1999 [HEBREW]

Comedy / Drama

IMDb Rating 6.9/10 10 1985 2K


Top cast

720p.WEB 1080p.WEB
1 GB
Hebrew 2.0
25 fps
1 hr 51 min
Seeds 9
1.86 GB
Hebrew 2.0
25 fps
1 hr 51 min
Seeds 12

Movie Reviews

Reviewed by the red duchess 7 / 10

horrifying, inexorable, yet full of a suppressed sensuality. (spoiler in final paragraph)

This is a very serious film about humanity sacrificed for ancient 'ideals'. The opening sequence reminded me of another austere classic, Melville's 'Le Samourai'. A husband and wife lie is separate beds. Over the credits, the husband rises and gets dressed. Simple you might think? Oh no. Every gesture, every item of clothing is accompanied by an elaborate prayer, to the point where the process becomes absurd, almost comic, especially when he prays, with due solemnity, 'Thank God for not making me a woman' (although by the end of the film you tend to agree).

Like Jef Costello, Meir lives in a bare, anonymous room, putting on his 'armour' as he gets ready to go out into the 'outside' world. The patient detail, the steady distanced camera, the emphasis on clothes and identity, all strike me strongly as Melvillean, to the extent that I wonder whether he's going out to kill someone. The nearest to this is when his brother-in-law drives through the streets of Jerusalem, urging by megaphone a retrenchment of Jews, lapsed and Orthodox, in the vengeful war against their enemies. We are seeing the charming outcome of that mentality at the moment. Maybe the comparison with a professional assassin isn't so far-fetched after all.

Another comparison, on the same lines, might be Bresson, given the focus on things, details, actions, and the religious milieu. Whether the bizarrre close can be seen as a moment of Bressonian revelation is debatable, but the relentless misery and humiliation inflicted on the female characters certainly bear his mark; rarely has such a religious environment seemed so unspiritual, like the pious provincial hypocrites in 'Mouchette'. The curious rock singer involved in an illicit relationship also reminded me of d'Oliveira's 'La Lettre'.

I reach for these disparate comparisons because I'd been told that Amos Gitai was one of the world's greatest filmmakers, and that this was a classic. I'm sure both statements are true, I'd have to watch more of his work more closely. Certainly, this film is more immediately sensual than Bresson's - the slow style, the emphasis on ritual detail (right down to the love scenes), the unforgiving milieu do not preclude moments of sensuality or shock, such as Rivka's self-pleasuring in front of her mirror as her husband sleeps, or the shocking virtual rape of her sister on her arranged marriage day, the sexual act as institutional attack, one of the most horrifying, and eventually unwatchable scenes I have ever seen.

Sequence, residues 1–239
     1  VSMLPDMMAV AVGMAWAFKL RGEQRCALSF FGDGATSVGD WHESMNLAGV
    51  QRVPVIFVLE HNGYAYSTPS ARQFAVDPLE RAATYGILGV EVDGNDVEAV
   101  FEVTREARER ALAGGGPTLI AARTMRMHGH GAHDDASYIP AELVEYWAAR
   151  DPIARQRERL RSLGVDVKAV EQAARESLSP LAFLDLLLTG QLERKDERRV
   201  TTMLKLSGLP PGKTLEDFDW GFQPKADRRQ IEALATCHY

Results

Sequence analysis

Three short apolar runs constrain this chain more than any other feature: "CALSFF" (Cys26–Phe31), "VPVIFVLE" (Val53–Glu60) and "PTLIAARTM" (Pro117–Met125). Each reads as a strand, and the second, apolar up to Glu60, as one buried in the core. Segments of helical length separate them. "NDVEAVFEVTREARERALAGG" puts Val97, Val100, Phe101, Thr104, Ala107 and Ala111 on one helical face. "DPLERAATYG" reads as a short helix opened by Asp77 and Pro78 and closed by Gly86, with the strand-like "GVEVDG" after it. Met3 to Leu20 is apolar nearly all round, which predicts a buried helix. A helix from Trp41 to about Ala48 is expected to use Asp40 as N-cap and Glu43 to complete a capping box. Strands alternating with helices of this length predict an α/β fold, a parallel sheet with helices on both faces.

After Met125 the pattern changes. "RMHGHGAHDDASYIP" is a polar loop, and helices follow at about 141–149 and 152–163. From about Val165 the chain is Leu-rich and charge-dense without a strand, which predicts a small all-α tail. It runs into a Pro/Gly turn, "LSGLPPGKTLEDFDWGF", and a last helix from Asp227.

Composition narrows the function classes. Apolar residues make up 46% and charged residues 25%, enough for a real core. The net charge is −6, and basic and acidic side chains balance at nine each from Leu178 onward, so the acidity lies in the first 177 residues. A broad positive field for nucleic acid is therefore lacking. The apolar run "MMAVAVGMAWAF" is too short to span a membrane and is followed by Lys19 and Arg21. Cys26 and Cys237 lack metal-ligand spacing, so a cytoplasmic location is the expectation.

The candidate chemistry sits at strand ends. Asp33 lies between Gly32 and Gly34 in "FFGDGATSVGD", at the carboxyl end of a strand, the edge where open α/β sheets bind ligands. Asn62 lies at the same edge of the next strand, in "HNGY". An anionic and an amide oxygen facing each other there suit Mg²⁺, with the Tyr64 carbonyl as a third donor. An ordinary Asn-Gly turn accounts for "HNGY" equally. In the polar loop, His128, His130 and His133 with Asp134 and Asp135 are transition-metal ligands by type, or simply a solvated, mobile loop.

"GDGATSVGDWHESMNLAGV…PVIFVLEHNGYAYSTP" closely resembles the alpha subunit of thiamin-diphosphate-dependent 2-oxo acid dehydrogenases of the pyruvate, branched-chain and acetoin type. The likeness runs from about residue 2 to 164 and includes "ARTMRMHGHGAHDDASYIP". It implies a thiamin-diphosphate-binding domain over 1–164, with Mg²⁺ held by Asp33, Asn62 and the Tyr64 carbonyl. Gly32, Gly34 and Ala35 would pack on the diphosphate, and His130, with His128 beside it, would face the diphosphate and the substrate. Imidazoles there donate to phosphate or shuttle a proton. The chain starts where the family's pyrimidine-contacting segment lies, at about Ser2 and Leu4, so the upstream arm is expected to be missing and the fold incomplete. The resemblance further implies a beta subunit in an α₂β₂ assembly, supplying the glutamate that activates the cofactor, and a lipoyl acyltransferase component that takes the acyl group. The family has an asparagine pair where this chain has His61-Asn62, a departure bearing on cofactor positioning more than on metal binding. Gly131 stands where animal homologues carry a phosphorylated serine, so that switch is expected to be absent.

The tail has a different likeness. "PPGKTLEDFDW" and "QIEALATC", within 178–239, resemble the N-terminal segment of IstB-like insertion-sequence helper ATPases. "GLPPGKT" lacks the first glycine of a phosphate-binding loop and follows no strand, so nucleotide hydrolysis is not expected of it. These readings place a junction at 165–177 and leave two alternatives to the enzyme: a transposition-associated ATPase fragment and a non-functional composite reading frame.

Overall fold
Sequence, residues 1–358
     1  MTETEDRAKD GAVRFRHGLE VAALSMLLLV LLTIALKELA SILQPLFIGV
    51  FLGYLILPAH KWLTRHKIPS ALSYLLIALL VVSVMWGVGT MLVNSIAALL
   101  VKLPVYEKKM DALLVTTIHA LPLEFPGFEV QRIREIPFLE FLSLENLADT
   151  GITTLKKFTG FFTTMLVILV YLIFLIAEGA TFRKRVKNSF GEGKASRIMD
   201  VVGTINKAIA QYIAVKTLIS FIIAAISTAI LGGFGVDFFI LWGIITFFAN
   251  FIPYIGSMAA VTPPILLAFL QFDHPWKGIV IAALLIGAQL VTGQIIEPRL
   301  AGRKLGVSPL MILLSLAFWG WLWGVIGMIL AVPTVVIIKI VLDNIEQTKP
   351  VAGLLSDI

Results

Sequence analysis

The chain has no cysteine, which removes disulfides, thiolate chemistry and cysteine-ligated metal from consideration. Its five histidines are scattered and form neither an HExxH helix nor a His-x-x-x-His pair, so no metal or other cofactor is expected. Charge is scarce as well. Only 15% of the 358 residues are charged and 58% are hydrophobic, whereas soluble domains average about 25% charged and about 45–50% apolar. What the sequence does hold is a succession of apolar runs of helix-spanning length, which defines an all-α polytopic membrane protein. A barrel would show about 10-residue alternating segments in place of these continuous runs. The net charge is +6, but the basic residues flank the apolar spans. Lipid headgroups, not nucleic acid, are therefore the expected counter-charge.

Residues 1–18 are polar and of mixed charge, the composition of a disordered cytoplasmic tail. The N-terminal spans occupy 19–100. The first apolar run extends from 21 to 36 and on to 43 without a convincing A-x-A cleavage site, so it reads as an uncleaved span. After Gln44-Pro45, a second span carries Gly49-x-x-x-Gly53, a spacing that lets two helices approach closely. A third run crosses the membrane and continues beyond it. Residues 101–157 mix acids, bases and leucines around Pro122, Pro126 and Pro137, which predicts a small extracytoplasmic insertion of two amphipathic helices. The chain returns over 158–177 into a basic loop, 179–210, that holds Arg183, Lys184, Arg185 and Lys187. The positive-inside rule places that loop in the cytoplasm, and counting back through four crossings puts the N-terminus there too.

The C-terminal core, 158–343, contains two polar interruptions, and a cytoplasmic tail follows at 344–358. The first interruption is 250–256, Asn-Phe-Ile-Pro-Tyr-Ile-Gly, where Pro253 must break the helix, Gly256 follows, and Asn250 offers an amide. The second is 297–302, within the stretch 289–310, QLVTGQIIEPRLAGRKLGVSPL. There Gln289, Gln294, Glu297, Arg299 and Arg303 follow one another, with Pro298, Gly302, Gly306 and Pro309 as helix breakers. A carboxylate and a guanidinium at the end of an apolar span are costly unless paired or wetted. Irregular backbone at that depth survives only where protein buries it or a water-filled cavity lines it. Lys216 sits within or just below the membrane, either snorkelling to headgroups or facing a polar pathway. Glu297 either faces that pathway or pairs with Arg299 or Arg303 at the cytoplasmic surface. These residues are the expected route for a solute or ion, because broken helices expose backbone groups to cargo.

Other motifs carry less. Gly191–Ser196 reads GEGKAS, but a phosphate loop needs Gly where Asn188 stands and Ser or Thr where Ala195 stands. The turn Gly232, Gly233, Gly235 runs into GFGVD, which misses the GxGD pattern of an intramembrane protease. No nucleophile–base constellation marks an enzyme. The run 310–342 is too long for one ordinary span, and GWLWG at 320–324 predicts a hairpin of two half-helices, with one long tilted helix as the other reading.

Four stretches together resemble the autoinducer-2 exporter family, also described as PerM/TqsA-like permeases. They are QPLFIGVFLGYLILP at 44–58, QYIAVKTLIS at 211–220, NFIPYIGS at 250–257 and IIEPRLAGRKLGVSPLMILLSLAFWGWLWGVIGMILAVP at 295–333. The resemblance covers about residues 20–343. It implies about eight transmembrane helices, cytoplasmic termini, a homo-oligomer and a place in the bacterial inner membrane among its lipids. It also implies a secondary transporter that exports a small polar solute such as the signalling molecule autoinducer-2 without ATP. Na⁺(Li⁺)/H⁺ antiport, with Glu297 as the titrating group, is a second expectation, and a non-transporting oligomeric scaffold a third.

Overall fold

What most impressed me about the film was its vision of two world s of time co-existing in the same space, the Orthodox Jewish sect living a rigid life, seemingly unchanged since the Old Testament, and the modern, capitalist world that mocks them. As the sister quite rightly points out, there's a big world, out there; their system is just a time-honoured excuse for men to wield power. There is a Berlin Wall between these two worlds, and when Malka meets her lover, it's like a prisoner escaping an enemy bunker, or someone travelling between two worlds in a time machine.

The film's seemingly transparent style is densely complex in its patterning. Take the first three scenes, which seem to increasingly open out - a woman in bedroom with husband; woman in social situation watching religious ceremony; woman in streets going into shop - but is actually shutting tight possibilities, as the plot, and this society, sets its deadly trap.

It's true that this plot is overly schematic - some have complained that the Orthodox Jews aren't sufficiently understood or explained. Maybe, although Meir is a generally sympathetic character, impotent in so many ways. The fate of Rivka can be read as either pessimistic or liberating - are the final sequences a (wet) dream, a final drenching in female subjectivity of a male hierarchy (including narrative)? Or is it what it seems, a horrible waste of life? The use of the unswervingly monotonous score seems to undermine scenes of apparent change.

Reviewed by Andy - Cardiff 7 / 10

Interesting and unusual.

I would agree that this film progresses at a very slow pace but the story about the secretive world of orthodox Judaism is interesting. In spite of being traditionalist Hassidism is relatively modern to the long history of the Jewish religion being formed amongst Eastern European Jewry in the 18th century, partly as a reaction to anti-semitism and secularism.

The director Amos Gitai has taken on a very difficult task in portraying this sect of Judaism. What is put across well is the incompatibility of conservative traditionalism with a secular society and how suffocating and repressive religious strictures can be. A good story but one that could have shown in more detail the contrasts between the reality of secular Israeli society and the closed world of mysticism.